Failures at Companion Animal Alliance of Baton Rouge

Because “feral” cats lack the social skills that would make them suitable adoption candidates, explains Nathan Winograd, director of the No Kill Advocacy Center, “there is no other animal entering a shelter whose prospects are so grim and outcome so certain.” [1] Sadly, even the best adoption candidates often don’t make it out alive, as Shirley Thistlethwaite reminded us recently on her blog YesBiscuit!.

In a three-part series beginning with last Tuesday’s post, Thistlethwaite describes (using documents obtained through Freedom of Information Act requests) a number of disturbing cases involving cats at Companion Animal Alliance of Baton Rouge. Among the “highlights” are instances of cats killed despite people stepping forward to adopt them, sick cats not receiving prompt medical care, friendly cats killed for being “feral,”* and any number of discrepancies in shelter records.

When CAA took over sheltering responsibilities (city-parish Animal Control still handles animal enforcement and rescue) last year, it was with the intention of making Baton Rouge a “no-kill” community. From the start, however, there were problems.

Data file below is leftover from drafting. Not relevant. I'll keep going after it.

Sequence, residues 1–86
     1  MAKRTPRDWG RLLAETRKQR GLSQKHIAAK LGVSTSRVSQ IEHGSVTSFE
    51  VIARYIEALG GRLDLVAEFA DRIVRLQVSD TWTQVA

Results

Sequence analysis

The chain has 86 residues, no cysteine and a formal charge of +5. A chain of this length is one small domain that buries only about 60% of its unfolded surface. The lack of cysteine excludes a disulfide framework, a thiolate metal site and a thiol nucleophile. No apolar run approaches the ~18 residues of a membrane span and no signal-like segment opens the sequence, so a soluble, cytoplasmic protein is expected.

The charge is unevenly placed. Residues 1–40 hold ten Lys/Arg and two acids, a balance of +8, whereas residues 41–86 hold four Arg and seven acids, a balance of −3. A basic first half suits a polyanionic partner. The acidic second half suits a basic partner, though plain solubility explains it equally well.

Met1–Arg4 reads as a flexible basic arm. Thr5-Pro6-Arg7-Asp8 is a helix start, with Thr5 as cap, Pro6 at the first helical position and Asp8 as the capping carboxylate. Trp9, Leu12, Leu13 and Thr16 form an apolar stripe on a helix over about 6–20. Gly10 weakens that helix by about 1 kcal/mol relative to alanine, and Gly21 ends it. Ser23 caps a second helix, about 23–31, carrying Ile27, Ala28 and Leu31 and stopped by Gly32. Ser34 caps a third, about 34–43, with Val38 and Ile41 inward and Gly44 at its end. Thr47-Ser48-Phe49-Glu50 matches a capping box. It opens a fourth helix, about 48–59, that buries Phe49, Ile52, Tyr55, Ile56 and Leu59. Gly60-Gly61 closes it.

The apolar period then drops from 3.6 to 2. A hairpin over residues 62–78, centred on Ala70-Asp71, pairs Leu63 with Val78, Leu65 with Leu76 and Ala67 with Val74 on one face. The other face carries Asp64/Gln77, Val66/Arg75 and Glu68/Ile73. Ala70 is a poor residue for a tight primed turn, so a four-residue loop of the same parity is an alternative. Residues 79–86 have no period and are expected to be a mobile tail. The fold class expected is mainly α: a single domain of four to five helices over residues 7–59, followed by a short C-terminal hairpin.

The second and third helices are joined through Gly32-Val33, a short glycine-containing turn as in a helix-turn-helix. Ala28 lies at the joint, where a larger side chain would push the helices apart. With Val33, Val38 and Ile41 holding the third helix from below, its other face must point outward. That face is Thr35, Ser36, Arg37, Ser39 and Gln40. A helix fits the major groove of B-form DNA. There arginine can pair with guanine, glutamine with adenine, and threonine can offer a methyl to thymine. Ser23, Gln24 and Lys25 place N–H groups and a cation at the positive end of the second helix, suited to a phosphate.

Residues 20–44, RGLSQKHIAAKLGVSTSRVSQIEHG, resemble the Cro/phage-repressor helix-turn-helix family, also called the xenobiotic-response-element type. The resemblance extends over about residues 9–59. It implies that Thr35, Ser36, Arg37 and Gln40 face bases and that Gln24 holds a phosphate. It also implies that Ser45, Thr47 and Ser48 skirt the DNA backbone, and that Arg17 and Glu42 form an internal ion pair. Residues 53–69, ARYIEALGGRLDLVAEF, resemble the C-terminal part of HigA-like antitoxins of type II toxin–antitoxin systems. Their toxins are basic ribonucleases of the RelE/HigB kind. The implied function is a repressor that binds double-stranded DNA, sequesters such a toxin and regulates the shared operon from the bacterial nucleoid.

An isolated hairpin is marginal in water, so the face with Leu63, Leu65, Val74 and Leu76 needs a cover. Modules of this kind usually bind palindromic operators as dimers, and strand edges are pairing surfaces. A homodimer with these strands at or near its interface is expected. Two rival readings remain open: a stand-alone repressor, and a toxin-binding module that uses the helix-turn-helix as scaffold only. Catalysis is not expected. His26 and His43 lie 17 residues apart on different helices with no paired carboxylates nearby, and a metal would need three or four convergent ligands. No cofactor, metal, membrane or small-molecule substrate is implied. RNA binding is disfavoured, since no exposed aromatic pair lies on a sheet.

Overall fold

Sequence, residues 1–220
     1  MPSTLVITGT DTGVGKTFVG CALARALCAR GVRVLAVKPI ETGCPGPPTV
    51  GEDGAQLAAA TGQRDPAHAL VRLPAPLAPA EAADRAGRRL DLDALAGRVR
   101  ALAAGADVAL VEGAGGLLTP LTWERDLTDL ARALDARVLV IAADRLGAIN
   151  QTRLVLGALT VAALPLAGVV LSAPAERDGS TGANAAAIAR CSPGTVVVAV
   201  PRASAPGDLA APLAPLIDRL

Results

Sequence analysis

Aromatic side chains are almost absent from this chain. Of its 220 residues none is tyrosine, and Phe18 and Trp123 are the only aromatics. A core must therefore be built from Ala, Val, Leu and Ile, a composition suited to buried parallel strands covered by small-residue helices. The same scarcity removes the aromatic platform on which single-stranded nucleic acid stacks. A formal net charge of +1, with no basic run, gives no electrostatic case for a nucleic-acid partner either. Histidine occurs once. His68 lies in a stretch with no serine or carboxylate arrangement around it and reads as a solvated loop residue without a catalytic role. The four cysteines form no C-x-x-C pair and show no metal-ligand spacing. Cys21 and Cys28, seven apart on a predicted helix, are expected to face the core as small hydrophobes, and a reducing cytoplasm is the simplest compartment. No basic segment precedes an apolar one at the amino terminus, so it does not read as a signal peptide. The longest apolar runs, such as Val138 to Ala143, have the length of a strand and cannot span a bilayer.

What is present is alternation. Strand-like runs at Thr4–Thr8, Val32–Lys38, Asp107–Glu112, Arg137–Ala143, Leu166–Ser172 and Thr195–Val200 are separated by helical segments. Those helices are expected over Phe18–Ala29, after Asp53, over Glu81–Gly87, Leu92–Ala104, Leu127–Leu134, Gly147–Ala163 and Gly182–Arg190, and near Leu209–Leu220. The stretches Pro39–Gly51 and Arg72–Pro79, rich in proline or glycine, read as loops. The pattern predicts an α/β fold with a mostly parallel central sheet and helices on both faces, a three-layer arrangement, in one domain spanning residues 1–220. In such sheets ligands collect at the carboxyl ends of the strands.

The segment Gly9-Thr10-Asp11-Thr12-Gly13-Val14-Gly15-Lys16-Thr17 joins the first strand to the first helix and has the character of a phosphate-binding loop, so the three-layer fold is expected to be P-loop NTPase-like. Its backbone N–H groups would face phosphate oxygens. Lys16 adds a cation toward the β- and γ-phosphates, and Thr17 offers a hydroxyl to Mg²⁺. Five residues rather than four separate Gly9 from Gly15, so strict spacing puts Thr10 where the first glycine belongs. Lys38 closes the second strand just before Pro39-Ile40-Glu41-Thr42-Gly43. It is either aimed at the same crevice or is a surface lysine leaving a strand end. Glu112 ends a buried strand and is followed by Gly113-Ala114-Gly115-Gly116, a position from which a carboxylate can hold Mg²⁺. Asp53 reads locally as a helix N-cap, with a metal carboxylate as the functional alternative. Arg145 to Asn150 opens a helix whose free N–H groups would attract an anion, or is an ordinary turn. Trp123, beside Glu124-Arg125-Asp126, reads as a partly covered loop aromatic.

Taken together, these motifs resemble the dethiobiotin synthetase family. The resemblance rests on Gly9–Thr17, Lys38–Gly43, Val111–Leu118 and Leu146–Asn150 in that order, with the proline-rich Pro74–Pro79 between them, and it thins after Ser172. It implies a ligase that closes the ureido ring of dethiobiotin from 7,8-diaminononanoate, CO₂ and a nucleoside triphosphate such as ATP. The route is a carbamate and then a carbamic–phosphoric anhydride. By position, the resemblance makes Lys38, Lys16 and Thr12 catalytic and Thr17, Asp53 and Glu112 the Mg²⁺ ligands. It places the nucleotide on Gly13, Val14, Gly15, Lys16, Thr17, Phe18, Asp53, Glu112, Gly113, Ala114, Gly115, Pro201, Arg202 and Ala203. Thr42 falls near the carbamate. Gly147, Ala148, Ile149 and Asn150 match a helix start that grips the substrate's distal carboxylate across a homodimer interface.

“Just a few weeks into the takeover,” reported The Advocate in late September, “the Metro Council publicly scolded [executive director Laura] Hinze and the Companion Animal Alliance over photos taken and complaints detailing inhumane conditions and overcrowding.” [2] Hinze, who’d been hired by CAA after a national search, resigned after less than two months on the job. The position remained unfilled until April 30th, when Kimberly Sherlaw took over.

According to The Advocate, Sherlaw estimates that it will take three to five years before the shelter will become no-kill—having a live-release rate of 90 percent or better. These days, the rate is said to be 20–35 percent. [3]

“We’ll be meeting our goals incrementally, not jump in overnight,” Sherlaw told The Advocate. “We have our work cut out for us.” [3]

Clearly, they do. And I don’t envy Sherlaw her job. Still, even three years seems like an awful long time.

No doubt others familiar with the situation in Baton Rouge will be at next weekend’s No Kill Conference. I’m curious to hear their assessment.

*Not that their deaths would be excusable had they actually been feral, of course.

Literature Cited
1. Winograd, N.J., Redemption: The myth of pet overpopulation and the no kill revolution in America. 2007: Almaden Books.

2. Allen, R. (2011, September 28). Animal shelter head departs. The Advocate, p. 01A, from

3. Martin, N. (2012, April 24). CAA Director Sherlaw on board. The Advocate, from


In the News, Sheltering